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older

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older last won the day on August 7

older had the most liked content!

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About older

  • Rank
    Infidel

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  • Gender
    Male
  • Location
    USA
  • Interests
    Logic, reason, common sense.
  • More About Me
    I'm probably older than most of the members here and have some life experience to look back upon. I never bought into religion and find it the source of too many wars. The more I look at Christianity, the more preposterous it becomes.

Previous Fields

  • Still have any Gods? If so, who or what?
    Nope

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  1. Of course not. The standards for judging humans are far superior.
  2. ^ ^ ^ To answer your question of how to deal with it, TruthSeeker has the answer. Refuse to participate. Refuse to listen, repeat, defend, or partake in any way whatsoever. As TS writes, set your personal boundaries and enforce them, even if that means having to physically leave, hang up, unfollow, unfriend, or whatever.
  3. No, all religions do not proselytize. The most basic research will reveal those that do not. And, in fact, there are some religions that do not admit new members at all. And as far as I can determine, Christianity is the only one that actively sends missionaries out to convert non-Christians.
  4. Yup. My grandkids would laugh at this format. And there is no way they would ever post on Facebook anything about their lives that adults might see. Texting, Snapchat and Instagram seem to be the media of choice. Texting seems to be the main thing for them. And what's amusing to me is that they will text back and forth in real time when it would be easier, quicker and carry more nuance to just call and talk. But, horrors, they won't do that.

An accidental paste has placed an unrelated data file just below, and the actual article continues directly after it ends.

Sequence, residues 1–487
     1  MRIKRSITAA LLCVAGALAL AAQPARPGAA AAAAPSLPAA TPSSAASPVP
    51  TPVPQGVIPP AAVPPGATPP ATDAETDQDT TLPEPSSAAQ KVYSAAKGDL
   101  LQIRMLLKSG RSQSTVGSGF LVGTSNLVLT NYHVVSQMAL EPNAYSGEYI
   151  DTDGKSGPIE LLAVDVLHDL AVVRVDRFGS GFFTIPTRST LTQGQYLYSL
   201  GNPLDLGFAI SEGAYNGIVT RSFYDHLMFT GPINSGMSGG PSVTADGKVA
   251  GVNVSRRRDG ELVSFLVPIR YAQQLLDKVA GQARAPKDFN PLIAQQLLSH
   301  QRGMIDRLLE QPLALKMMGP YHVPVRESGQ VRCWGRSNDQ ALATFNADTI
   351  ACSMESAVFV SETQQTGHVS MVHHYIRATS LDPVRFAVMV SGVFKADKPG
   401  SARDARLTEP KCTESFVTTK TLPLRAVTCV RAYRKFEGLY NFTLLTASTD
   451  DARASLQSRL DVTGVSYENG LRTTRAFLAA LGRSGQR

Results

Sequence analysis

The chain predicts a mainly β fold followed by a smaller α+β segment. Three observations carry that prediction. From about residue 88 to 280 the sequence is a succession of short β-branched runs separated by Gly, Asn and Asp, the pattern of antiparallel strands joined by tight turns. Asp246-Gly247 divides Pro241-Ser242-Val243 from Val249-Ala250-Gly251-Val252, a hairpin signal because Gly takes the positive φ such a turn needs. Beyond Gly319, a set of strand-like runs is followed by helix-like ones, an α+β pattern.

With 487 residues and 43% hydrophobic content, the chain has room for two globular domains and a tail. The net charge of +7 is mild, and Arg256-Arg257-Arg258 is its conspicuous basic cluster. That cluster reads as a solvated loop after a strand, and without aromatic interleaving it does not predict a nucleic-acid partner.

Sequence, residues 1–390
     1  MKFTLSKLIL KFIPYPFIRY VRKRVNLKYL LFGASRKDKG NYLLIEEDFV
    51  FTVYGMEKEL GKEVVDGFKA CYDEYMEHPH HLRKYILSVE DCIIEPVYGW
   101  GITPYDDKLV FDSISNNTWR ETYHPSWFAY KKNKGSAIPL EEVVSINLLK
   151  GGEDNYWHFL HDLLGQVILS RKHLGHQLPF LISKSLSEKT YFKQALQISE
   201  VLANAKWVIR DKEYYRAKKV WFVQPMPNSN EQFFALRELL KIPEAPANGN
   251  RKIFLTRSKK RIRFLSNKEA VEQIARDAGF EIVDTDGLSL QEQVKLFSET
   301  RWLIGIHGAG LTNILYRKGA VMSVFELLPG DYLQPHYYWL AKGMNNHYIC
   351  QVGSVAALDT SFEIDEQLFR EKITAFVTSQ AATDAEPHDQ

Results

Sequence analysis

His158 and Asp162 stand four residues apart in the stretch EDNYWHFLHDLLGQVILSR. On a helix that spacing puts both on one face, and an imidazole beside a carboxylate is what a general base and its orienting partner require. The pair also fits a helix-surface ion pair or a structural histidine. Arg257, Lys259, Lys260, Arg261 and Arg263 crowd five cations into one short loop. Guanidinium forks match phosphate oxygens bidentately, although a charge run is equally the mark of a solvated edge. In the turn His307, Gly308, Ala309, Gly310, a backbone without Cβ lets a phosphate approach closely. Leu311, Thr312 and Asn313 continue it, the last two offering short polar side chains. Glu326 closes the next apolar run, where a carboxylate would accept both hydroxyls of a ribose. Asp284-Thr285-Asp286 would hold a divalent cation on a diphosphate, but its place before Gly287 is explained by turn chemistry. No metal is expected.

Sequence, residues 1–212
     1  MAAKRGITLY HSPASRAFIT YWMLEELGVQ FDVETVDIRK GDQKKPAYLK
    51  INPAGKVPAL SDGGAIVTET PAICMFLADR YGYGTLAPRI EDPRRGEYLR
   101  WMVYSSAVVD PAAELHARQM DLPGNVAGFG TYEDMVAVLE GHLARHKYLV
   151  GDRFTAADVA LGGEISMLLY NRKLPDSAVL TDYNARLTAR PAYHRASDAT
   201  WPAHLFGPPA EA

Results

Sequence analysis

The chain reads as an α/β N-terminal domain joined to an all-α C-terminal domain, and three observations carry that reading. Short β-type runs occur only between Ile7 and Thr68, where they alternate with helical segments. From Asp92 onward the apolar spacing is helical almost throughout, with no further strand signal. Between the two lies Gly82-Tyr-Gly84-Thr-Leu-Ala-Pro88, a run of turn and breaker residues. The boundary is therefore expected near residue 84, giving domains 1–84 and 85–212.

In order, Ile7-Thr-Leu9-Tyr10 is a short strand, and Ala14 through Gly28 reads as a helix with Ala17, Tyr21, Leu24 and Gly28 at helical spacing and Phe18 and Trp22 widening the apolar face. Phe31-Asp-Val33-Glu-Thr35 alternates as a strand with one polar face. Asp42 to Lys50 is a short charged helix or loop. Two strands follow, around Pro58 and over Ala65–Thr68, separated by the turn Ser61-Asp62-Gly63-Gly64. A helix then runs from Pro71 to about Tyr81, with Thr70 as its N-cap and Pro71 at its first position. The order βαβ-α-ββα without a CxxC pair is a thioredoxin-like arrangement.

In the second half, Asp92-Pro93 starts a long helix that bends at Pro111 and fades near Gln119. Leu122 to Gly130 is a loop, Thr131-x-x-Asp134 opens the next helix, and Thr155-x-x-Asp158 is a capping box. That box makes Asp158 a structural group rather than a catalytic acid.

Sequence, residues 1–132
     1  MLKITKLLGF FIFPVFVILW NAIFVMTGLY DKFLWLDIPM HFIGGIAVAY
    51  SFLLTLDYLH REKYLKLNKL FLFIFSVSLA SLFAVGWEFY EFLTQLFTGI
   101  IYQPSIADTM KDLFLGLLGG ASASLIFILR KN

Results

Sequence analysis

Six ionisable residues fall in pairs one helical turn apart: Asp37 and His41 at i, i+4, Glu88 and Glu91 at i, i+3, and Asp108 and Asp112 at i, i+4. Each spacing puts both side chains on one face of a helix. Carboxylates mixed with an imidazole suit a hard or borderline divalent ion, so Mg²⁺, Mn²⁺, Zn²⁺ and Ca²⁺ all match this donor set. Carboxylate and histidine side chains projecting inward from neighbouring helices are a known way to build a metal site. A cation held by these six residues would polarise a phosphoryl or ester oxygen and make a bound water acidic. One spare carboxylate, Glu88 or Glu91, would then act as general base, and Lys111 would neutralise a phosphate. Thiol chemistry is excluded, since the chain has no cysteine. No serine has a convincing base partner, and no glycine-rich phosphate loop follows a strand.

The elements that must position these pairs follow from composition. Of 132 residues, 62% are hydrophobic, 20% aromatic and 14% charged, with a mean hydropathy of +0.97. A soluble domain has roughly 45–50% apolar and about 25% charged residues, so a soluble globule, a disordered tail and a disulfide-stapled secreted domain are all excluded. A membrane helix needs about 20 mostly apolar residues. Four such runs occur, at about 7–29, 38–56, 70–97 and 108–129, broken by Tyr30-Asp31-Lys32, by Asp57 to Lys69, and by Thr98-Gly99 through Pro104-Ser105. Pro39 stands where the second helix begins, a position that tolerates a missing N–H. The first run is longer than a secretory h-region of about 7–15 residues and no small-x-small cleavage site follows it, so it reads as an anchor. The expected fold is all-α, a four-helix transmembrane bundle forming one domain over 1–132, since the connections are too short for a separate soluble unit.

5. ^ ^ ^ ! ! ! A basic tenet of Christianity is proselytization. If they'd stick to themselves I think most folks wouldn't mind. But they have a long, long history, one that continues today, of forcing their beliefs down other people's throats, either indirectly through social pressure or directly through the passage of laws that favor their beliefs and diminish or deny others, or through outright force.
  6. Touché Thurisaz. I think the answer to violence in America will never be found. Tonight's news reports that 20 children have been shot and killed in the St. Louis city area so far this year. In Chicago 309 people have been killed this year. As I sit here pondering this, dozens of causes come to mind, the solutions to which require major changes to our culture, our government, and our attitudes toward ourselves and others.
  7. Sure. They say having money is bad and what you need to do is send it to them. Wertbag has some excellent advice. You need to start NOW setting aside money for retirement. You have just under 20 years to take care of this. There are lots of misconceptions about Social Security. It is not and never was intended to be a retirement program. It exists only to keep retirees from starving. Social Security will not cover all your expenses in retirement. The key is to put aside a certain amount of money each month in an interest bearing vehicle of some sort. Do it with automatic payments so you don't forget. And never, never withdraw from this fund until you are retired. Increase your contributions as your income increases; if you get a raise, consider putting it all into this fund if you are living fine without it. As your fund grows to perhaps five figures, contact a certified financial planner who is independent and thus is less inclined to sell a specific product. He or she will help you create a diversified plan. You will not regret this. Some folks say that this is all good and fine but they just absolutely can't afford to do it. Well, if you can't pay your bills now, how will you pay them when you are retired and have no income? This is not to say you need to live like some sort of ascetic. But as Wertbag writes, many folks fritter away money in ways they don't realize. (Example — I have a friend who ate lunch out every work day for 40 years. A sack lunch for most of those days would have saved him tens of thousands of dollars. And what about paying money for a bottle of water — something that you can get for free? The list of examples is a long one.) And this does not mean that you are being selfish. To not take care of your own needs is a form of selfishness as those needs will eventually fall upon others.